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Key junta member Touray puts Gambia's truth commission to the test

“This is the first time the powers of this Commission have been so blatantly challenged,” said the Lead Counsel of the Truth, Reconciliation and Reparations Commission (TRRC) on June 26. On that morning, Yankuba Touray, a key member of the former military junta, had refused to testify and had walked out of the Commission’s public hearing. He is now under arrest.

Key junta member Touray puts Gambia's truth commission to the test©Mustapha K. DARBOEOn June 26, Yankuba Touray, a key member of the milicia junta, as the witness usher attempted to hand him over the Quran, suddenly got up and walked back to the waiting room.
5 min 42Approximate reading time

For many Gambians, this was going to be a big day. The Truth, Reconciliation and Reparations Commission had announced on its Facebook page that Yankuba Touray, a key member of the Armed Forces Provisional Ruling Council (AFPRC) that took power in Gambia in 1994, was about to testify. The TRRC hall became full to capacity until some people had to be asked to leave due to lack of space. Yankuba Touray, a former Local Government minister, was implicated by several witnesses in the killing of Gambia’s former Finance minister Ousman Koro Ceesay as well as a dozen soldiers on November 11, 1994.

Two hours went by. Touray was still not to be seen and the commissioners were yet to take their seat. Online newspapers broke the news that Touray said he was not going to testify because he claimed he had constitutional immunity. Then, amidst confusion and apparent disappoint within the audience, Touray appeared in a long white African robe from a small waiting room where TRRC witnesses relax before giving testimony.

“I invoke my constitutional immunity”

For a moment people thought he was ready to testify. But as the witness usher attempted to hand him over the Quran and put on the microphone so that he could take oath, Touray attempted to speak directly to the Chair of the Commission. Then he suddenly got up and walked back to the waiting room, cameras following him. 

He leaned by on a sofa, appearing frustrated. Meanwhile, in the main hearing hall as well as on social media, embitterment was rife. When TRRC Chairman Lamin Sise drew out a one-page white paper, he said: “I have no choice but to order the immediate arrest of Yankuba Touray and to hand him over forthwith to the police station with jurisdiction over this area.”

TRRC Lead Counsel Essa Faal agreed that the Commission had to reckon with the offense of defying the Commission. However, he suggested to give Touray “a second chance”. Sise initially thought this was not a good idea. He had already ordered his arrest and did not want to appear weak. But he conceded and Touray was brought back into the hall. He initially took oath voluntarily and had no problem answering to the first question about his identity. But when a second question about problems in the army around 1994 was put to him, Touray went back to his defense strategy. “I invoke my constitutional immunity. Anything that is against the 1997 constitution cannot stand,” he said. He got up and returned to the waiting room where he would be arrested by the police and taken to Kairaba police station.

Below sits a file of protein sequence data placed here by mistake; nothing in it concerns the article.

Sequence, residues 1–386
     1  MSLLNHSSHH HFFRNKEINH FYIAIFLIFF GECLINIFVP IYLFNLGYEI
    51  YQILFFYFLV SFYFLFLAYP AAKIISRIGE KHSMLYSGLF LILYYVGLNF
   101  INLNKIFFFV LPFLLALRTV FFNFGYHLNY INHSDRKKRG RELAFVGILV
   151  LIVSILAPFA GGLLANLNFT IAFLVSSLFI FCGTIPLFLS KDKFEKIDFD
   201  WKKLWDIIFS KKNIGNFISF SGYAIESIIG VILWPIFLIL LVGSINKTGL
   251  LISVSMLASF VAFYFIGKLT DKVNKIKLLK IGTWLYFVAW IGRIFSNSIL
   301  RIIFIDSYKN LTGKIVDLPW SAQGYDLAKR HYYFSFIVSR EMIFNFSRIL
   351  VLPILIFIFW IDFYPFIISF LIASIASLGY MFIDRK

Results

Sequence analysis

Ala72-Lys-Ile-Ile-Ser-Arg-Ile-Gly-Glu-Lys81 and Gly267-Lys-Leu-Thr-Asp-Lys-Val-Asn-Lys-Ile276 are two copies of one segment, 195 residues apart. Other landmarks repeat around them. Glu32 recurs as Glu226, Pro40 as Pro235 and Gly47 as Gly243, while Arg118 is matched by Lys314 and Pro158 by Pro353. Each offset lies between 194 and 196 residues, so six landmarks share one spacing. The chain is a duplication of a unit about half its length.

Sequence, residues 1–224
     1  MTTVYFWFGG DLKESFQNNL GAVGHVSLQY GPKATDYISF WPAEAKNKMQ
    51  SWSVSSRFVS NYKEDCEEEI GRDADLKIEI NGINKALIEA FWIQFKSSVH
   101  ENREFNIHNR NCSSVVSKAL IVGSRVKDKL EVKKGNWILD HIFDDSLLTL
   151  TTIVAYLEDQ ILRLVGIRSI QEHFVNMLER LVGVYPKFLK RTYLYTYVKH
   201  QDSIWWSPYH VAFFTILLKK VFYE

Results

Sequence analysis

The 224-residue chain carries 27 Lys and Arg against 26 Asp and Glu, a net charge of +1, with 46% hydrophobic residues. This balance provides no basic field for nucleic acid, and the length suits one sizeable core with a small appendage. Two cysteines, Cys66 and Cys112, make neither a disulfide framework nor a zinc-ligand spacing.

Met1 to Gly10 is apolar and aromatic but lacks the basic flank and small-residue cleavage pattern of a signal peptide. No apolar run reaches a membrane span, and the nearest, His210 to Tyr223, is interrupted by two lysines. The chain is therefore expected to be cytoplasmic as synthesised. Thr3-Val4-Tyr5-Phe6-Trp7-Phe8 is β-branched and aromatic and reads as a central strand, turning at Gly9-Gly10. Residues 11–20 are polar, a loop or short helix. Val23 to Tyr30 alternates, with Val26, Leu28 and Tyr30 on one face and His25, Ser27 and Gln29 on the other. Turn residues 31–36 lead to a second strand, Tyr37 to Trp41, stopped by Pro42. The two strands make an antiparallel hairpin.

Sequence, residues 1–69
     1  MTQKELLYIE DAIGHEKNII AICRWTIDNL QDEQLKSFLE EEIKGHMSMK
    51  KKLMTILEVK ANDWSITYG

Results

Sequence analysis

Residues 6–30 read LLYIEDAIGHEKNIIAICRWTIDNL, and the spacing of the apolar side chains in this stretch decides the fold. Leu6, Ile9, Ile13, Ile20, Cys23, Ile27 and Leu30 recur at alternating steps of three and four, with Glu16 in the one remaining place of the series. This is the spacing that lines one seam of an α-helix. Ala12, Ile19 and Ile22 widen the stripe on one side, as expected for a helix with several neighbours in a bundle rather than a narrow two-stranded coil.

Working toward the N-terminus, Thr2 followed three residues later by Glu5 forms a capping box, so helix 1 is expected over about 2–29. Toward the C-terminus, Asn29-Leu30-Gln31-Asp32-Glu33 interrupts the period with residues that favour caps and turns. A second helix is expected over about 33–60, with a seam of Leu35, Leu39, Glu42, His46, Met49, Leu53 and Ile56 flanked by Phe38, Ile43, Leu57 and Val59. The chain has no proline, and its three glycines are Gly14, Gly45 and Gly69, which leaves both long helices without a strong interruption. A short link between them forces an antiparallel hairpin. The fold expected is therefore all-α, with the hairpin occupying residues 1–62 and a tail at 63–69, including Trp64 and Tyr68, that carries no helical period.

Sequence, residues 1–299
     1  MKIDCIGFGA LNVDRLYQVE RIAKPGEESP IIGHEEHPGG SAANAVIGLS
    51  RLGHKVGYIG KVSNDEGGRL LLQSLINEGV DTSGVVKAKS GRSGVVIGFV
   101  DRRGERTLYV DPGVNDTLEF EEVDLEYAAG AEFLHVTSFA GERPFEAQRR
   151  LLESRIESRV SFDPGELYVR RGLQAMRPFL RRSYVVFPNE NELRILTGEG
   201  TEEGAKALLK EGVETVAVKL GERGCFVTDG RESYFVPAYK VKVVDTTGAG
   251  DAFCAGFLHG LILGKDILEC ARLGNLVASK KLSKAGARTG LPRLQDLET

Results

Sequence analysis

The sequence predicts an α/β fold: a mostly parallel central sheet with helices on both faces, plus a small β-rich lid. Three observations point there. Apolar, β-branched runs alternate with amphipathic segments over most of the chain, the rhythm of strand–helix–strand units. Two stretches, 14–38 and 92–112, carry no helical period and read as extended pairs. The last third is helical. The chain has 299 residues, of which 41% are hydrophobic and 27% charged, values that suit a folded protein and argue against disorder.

Sitting of Yankuba Touray at the the TRRC, June 26 2019

© Eye Africa TV

Mob justice

The atmosphere after the Touray episode was summarized by Faal at an impromptu press conference. “This is a difficult moment. This is the first time the powers of this Commission have been so blatantly challenged,” he said. The TRRC had now filed a case for contempt to the judicial authorities, he said.

The police escort that took Touray away arrived at the station by noon and around 1:30 p.m, the place was packed with hundreds of angry people demanding that Touray testified. The tension was such that one boy in his late 20s was aggressively beaten for saying that Touray had a right not to testify. He was eventually saved from the mob.

A protester holds up a sign on which is written
Outside of the TRRC an angry mob gathered, threatening to lynch Yankuba Touray after he refused to testify. (© Mustapha K DARBOE)

About 30 paramilitary agents were guarding the gate of the police station to prevent the people from lynching Touray. Until they realized that they might not be able to hold the fort. They decided to whisk Touray off in a black armored vehicle. As they drove out, they fired one teargas canister but that could not stop demonstrators. Stones started raining on the vehicle. 

“Disrespect to the victims”

They were not the only angry party. Gambia’s Justice Minister Abubacarr Tambadou told journalists that he would “throw the book at him”, meaning Touray would receive as many charges as can be brought against him.